Pride is Self-Importance

Pride is a compensation. It is something you give yourself to make up for something that is lost. For practical purposes, let us say that pride is equivalent to self-importance. The idea of self-importance seems absolutely normal and justifiable as long as it does not become irritating to other people or extreme in its expression. But there is an inherent flaw with self-importance, a flaw which cannot be escaped and which will cast its destructive influence and impact upon everything you do and everything you conceive because self-importance is a compensation making up for something that is lost. It is a weak replacement, for what it replaces is the strength of Knowledge within you which has been lost.

So, we can replace the word “pride” with the word “self-importance.” They are really the same. Self-importance works against the reclamation of Knowledge because it continues to assert an idea about yourself that is not consistent or compatible with life. It continues to separate you from life and to make you the central focus. It binds you to your own dilemmas and prevents your escape from them because it leads you to become self-absorbed. It is concentration on the personal mind to the exclusion of life itself, and because the personal mind is inherently flawed and incomplete, its flaws and incompletions will haunt you and dominate your attention. In order to offset this, there are all kinds of demonstrations and expressions of self-importance. This is manifest in every aspect of people’s behavior, in their concepts, in their beliefs, in their philosophies, and in their strong adherence to their own ideas and ideals. But underneath this myriad of expressions, there is self-importance. And the importance that is emphasized in this attitude is weak and inconsistent with life.

You are a part of life. You are an expression of life. To a certain degree, you are a unique expression, though do not take the idea of uniqueness too far. You are not the center of life. You are not the center of the universe. You do not have your own universe. You do not create your own universe. You merely interpret the universe that you share with all life. If you interpret life wisely, then you will be able to participate in it and join with it meaningfully. But if you interpret life according to a belief in self-importance, according to the need to assert yourself and to offset your own discomforts, then you will misinterpret life and you will attempt to use it to fortify your self-importance, which denies your access to life and makes your participation within it disassociating and destructive.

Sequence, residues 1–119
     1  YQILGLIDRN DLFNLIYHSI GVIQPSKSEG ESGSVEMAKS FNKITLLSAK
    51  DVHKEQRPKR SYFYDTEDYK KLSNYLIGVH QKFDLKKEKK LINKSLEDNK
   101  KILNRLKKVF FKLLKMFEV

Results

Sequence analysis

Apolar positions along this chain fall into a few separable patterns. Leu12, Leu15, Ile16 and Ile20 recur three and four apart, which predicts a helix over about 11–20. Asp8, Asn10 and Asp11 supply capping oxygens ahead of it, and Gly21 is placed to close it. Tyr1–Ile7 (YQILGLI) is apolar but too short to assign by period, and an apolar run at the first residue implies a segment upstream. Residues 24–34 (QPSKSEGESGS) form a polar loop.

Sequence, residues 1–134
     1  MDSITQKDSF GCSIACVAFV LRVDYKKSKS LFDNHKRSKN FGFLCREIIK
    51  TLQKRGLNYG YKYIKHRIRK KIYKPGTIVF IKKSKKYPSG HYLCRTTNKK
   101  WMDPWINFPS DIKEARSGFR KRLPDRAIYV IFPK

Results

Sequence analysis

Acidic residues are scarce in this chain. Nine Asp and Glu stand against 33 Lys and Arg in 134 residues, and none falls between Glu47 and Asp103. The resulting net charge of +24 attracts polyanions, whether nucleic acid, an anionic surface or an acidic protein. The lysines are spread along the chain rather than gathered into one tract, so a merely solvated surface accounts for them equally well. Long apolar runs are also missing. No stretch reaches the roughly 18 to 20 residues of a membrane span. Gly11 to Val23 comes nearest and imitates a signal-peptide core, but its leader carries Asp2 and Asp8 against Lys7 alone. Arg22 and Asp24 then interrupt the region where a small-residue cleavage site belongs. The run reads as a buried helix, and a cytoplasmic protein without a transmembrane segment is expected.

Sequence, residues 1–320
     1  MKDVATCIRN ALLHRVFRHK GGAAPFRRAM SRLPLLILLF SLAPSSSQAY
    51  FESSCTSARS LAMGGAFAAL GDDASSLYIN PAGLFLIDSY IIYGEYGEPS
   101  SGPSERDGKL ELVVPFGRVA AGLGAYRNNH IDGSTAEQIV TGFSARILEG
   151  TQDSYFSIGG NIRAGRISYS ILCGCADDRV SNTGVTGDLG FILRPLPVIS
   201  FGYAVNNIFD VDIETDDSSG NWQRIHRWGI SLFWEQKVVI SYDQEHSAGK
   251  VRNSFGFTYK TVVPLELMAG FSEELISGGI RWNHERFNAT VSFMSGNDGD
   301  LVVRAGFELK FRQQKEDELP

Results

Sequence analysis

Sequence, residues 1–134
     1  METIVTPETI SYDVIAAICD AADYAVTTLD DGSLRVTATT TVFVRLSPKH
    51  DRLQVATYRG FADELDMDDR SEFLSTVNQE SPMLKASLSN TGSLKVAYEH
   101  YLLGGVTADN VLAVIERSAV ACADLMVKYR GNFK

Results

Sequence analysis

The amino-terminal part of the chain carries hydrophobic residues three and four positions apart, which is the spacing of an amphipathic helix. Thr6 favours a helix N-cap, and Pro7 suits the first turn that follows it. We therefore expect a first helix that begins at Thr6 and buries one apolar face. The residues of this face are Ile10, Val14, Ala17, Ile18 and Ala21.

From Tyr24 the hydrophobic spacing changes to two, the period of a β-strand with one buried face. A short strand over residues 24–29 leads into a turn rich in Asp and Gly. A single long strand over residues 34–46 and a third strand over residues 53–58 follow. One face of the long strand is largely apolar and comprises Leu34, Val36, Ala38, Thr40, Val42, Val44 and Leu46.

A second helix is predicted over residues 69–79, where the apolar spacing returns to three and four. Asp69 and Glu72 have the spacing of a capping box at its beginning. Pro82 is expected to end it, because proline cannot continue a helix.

Underneath pride is a sense of despair, a sense of despair that cannot yet be faced, and so there is an attempt to run from it, to build something over it, to build a wonderful and beautiful expressive life over an inner reality that is in disrepair and is inherently alone and sad. Observe the desire for pride in yourself. See how it feels to take great pride in yourself or in your accomplishments. See how long this lasts and what it really feels like. Does it give you a sense of inclusion in the world? Does it give you a sense of peace? Does it give you greater equanimity? Or is it a momentary experience of self-inflation which will soon be replaced by the fervent need to reassert yourself in a different set of circumstances? For all that has been devoted to this pursuit and for all that has been invested in it, how much and how great is its reward?

Self-importance is a critical error because it denies the source of your expression. It denies the source of your meaning and purpose in the world. It says that you are the source of your creations. Yet, if the real source of your creations disavowed you or pulled away from you, you would be truly empty and truly impoverished. What self-importance is there then?

All great contributors in all fields and endeavors must at some point come to terms with the reality and the fact that what they are giving comes from beyond them, that they themselves are a medium, a messenger and a provider for something greater from beyond themselves. This is the reality of their creativity. This is the reality of their desire to give. This is the source and meaning of their contributions, whatever they may be. This is what gives these contributions value and what enables them to be inspiring to others.

But, of course, with pride this is all lost. There is no recognition of the source of your meaning and your value. There is no recognition of the power and the grace that can express itself through you. There are only moments of self-aggrandizement followed by great periods of fearfulness, suspicion, anxiety and conflict.

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